Again and again, I’ve heard the same thing — I’m a designer, why should I sketch? I’m bad at drawing, and it’s just gonna go into Photoshop or Illustrator anyway.

There are so many answers to this question. It builds foundations. It lets you visualize an idea in a quick, rapid form. It’s tactile and feels more physical than a digital idea. Drawing gets the ideas flowing, allowing you to branch out into more ideas.

It’s safe to say I’m a big proponent of sketching. I think seeing an idea before creating it is so incredibly important, especially when considering aspects of a design like flow and interaction. But don’t just take it from me — hear it from the mouths of designers from all different industries, from character designers to bicycle manufacturers.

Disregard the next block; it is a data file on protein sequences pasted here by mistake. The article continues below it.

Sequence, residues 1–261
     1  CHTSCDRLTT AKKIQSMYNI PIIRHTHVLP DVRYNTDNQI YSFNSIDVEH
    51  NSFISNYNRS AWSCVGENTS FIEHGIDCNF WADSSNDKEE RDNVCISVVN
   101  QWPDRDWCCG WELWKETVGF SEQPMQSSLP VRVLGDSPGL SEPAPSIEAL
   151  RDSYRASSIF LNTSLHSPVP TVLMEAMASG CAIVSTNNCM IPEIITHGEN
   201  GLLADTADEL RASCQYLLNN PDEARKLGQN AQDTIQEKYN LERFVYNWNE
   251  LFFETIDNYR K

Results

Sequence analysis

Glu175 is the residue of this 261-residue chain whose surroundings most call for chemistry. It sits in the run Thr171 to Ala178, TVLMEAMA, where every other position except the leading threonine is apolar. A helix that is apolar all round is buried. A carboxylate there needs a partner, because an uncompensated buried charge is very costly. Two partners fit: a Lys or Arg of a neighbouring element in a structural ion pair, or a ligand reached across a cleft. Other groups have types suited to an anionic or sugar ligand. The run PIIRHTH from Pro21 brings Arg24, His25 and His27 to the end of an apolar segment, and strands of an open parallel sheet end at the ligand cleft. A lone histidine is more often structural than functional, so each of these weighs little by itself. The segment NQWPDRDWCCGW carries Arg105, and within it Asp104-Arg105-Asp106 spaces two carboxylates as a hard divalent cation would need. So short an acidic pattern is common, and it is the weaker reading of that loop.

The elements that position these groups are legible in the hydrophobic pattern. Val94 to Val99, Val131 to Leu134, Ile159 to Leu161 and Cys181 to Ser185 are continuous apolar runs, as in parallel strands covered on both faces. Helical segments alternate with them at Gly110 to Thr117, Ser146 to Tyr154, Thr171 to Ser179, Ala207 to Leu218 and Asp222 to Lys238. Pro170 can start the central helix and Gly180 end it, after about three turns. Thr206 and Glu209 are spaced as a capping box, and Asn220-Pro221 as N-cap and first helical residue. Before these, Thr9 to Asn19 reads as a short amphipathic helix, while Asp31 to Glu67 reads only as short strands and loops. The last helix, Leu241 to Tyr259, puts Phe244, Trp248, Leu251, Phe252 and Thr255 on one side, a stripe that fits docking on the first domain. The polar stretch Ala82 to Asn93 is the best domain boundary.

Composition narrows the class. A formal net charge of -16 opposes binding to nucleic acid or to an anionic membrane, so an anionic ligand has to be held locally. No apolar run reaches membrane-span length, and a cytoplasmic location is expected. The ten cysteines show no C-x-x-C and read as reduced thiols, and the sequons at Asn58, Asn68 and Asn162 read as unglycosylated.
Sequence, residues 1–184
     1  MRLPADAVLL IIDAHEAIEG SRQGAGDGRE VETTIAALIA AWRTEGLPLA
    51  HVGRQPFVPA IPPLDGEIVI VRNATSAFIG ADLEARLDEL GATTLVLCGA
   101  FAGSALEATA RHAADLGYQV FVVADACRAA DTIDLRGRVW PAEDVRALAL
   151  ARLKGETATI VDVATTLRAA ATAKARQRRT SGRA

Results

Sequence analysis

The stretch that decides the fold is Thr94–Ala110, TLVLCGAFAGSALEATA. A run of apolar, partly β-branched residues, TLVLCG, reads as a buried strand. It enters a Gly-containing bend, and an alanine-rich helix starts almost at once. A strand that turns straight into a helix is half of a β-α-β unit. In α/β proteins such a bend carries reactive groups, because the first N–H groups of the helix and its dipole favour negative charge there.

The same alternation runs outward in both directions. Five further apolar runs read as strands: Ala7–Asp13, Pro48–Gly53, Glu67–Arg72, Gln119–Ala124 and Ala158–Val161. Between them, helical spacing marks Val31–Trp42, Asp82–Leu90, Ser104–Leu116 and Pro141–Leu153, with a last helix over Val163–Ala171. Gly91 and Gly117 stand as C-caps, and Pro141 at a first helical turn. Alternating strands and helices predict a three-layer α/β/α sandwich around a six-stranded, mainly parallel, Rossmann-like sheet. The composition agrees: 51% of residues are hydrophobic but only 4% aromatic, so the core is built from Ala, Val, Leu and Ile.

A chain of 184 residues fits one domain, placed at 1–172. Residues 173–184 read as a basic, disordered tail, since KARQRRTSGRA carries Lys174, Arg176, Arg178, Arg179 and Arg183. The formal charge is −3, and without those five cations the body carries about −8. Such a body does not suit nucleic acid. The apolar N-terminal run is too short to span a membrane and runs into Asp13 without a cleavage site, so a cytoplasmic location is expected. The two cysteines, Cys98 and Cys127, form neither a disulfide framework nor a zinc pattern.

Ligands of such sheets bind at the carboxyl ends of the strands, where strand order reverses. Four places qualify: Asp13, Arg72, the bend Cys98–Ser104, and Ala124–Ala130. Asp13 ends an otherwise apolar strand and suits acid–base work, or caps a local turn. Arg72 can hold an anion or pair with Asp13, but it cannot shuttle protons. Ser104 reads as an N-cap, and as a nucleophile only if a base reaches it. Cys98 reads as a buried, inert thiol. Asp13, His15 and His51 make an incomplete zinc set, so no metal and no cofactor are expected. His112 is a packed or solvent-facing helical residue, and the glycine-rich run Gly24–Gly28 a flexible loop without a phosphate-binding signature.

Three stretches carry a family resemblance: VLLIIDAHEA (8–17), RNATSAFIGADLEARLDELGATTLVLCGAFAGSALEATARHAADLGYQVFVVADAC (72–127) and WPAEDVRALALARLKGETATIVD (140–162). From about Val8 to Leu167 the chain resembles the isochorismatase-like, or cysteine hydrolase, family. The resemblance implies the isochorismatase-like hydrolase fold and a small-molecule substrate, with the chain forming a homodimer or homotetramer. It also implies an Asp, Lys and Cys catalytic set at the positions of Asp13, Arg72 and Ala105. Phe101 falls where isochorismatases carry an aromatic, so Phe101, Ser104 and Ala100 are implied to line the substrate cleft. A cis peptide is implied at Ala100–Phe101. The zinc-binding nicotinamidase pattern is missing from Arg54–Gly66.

“One Toe in the Water”: Design Shadowing

I came across an interesting design article: “One graphic designer’s brilliant work hack for when you’re just starting out.”

Despite the clickbait nature of the word “work hack” in the article’s title,  it still provides valuable insight from designer Chip Keever on a way to get a start in the graphic design industry.  Keever is the owner of PROSPER Creative Design, a company based out of Delaware.   The “hack” that he highlights is called shadowing, or a short one-day experience at a design firm.  He likes to think of a shadow as a very short, unpaid internship.